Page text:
The third-generation Toyota Hilux pickup (called the “Toyota Truck” in the United States) was a legend of reliability and frugality well into our current century, and plenty of small motorhomes were built on its sturdy platform. You’ll still see them occasionally today, but the skin-crawling ickiness of tenth-owner RVs tends to mean the end comes quickly when they wear out. Here’s one that took nearly 40 years to reach that point, now residing in The Final Campground: a self-service wrecking yard near Denver.
Back in the 1960s and 1970s, quite a few Midwestern RV manufacturers would take new Chevrolet Step-Vans and build them into motorhomes. Most spent productive decades ferrying retirees between Michigan and Florida, then settled into long-term retirement in driveways and dirt lots, serving as homes for many generations of raccoons, possums, and wasps.
Here’s a Kansas-built P20-series RV in the San Francisco Bay Area, giving up some of its components while awaiting the cold steel jaws of The Crusher.
In 2016, if you towed a camping trailer with anything other than a heavy-duty pickup, Mike Rowe and Denis Leary would take you out back and shoot you repeatedly with Blue Oval masculine marketing tripe.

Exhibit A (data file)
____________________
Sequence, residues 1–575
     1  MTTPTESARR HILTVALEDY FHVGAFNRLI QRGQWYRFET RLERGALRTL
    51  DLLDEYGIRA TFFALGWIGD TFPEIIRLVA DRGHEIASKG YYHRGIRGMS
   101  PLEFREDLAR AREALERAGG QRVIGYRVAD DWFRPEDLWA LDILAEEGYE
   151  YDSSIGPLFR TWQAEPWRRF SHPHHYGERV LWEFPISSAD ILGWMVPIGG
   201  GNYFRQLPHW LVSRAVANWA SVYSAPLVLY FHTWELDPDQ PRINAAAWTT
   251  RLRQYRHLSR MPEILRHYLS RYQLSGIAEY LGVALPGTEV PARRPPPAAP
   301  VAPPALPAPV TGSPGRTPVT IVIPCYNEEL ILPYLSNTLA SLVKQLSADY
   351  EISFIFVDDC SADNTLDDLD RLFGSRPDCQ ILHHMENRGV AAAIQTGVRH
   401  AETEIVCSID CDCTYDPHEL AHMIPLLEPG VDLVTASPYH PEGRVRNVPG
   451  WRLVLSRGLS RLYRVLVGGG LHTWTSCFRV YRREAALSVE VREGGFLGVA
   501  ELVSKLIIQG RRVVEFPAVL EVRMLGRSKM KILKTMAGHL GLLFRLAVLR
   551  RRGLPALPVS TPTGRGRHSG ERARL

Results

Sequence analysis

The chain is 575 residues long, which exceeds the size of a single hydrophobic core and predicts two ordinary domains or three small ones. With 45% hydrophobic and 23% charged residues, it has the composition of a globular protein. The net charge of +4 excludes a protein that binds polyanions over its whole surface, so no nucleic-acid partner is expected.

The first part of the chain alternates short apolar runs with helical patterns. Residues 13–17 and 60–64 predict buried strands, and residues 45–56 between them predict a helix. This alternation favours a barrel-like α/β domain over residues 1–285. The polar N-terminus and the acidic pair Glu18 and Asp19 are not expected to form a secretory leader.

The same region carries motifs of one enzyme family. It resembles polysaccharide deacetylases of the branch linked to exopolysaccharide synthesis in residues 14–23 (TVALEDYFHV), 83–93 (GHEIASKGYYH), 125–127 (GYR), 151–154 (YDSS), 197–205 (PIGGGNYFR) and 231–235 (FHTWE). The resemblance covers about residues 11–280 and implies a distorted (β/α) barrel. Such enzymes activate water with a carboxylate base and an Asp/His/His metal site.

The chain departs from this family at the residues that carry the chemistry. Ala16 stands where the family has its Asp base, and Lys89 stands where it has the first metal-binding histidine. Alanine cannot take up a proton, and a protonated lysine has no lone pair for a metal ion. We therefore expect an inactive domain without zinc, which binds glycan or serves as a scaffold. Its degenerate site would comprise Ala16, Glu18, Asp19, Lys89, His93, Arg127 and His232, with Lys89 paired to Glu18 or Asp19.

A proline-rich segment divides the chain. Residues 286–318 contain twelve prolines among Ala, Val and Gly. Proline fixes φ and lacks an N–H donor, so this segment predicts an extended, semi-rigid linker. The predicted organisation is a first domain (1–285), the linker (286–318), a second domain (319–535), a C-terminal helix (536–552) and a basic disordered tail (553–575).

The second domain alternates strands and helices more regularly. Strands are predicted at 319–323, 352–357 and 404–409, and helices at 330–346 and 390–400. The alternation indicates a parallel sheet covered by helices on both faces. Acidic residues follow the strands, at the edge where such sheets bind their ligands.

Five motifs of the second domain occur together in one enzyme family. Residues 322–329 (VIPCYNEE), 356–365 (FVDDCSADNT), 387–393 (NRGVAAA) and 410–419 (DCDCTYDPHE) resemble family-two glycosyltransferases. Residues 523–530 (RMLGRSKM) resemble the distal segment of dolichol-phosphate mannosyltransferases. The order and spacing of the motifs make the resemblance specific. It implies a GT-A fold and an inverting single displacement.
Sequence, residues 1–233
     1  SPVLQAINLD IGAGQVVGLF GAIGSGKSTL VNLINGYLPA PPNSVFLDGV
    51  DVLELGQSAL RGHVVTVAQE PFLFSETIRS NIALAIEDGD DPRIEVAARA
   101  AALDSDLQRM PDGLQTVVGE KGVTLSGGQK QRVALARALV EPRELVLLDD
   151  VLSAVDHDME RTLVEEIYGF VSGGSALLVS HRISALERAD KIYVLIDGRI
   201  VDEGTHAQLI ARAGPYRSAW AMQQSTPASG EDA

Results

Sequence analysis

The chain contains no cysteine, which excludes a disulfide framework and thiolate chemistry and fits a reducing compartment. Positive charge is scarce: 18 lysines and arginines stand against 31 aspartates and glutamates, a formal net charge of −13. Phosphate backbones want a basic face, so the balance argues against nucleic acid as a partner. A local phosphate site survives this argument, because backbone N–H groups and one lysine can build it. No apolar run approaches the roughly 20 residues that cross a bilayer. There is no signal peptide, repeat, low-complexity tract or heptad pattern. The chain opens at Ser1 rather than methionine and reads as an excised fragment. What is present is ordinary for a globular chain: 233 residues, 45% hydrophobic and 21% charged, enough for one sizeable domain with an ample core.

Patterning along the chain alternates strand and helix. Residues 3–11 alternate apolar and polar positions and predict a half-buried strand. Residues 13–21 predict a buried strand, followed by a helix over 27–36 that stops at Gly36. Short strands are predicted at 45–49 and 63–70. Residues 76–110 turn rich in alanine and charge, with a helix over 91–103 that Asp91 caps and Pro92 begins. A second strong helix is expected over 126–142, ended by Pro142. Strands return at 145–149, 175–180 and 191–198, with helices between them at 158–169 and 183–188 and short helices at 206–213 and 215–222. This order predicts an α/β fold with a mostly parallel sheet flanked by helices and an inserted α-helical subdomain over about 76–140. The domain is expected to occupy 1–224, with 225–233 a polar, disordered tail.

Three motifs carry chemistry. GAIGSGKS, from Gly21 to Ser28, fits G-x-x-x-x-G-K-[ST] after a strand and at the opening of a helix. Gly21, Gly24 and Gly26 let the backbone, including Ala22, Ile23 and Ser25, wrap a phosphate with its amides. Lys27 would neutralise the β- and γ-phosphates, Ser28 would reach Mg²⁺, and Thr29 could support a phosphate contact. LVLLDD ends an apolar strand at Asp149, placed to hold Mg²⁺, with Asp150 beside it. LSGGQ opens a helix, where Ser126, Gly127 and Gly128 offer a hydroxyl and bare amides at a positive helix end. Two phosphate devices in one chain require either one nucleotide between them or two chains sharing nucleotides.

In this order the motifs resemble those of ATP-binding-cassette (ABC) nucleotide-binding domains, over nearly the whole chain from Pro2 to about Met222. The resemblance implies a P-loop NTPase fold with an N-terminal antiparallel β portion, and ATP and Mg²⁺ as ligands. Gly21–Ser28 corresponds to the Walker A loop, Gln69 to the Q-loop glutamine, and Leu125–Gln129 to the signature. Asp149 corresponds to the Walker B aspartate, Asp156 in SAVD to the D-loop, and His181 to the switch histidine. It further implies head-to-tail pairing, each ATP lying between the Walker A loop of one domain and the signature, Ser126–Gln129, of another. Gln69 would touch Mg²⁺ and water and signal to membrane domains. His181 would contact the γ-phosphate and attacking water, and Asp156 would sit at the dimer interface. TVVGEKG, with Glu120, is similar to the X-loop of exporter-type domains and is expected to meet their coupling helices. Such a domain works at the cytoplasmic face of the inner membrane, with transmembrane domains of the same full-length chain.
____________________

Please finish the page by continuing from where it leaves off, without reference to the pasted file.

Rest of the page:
But in 1974, if you were the proud owner of a Volkswagen Beetle, you could head off into the wilds confident in knowing that you and your loved ones would be safe sleeping in this fifth-wheel-style camper attached to the Teutonic compact’s roof.
It’s ingenious, and it needs to make a comeback.
After yesterday’s 1972 Mercury Junkyard Find, it makes sense— in some circles— to stick with model-year 1972 vehicles this week. With that in mind, here’s a very biohazardous second-gen Ford Econoline that I braved without benefit of a space suit. I’m pretty sure I didn’t catch hantavirus, scabies, or dioxin poisoning, but it’s still too early to know for sure.
This being Colorado, I see quite a few Volkswagen Vanagons on the street and in local wrecking yards. Mostly I ignore them for this series, because their local popularity means examples that show up at a Denver self-service yard get stripped immediately and aren’t very interesting photographic subjects. So far, we’ve seen just this exquisitely stereotype-reinforcing Steal Your Face Edition ’83, and that’s it prior to today’s find. An ordinary Vanagon with most of the parts gone, I’m not shooting it. A Vanagon Syncro (which I believe to be the most unwise money-pit available on four wheels or a Westfalia Camper, on the other hand, I’m always willing to photograph those rare birds. Here’s a squalid ’81 Westy that I found at a Denver yard last week.
Back in the Middle Malaise Era, most of the B-series Mazda pickups you saw in North America were badged as Ford Couriers, and of course we’ve found the occasional junkyard-dwelling Courier. Still, some Mazda-badged pickups were released into the wild, and the longbed version was known as the Sundowner. Here’s a very-much-of-its-time Sundowner in yellow with beige-and-brown tape stripes and red-and-brown rust, spotted at a Colorado self-serve yard earlier this week.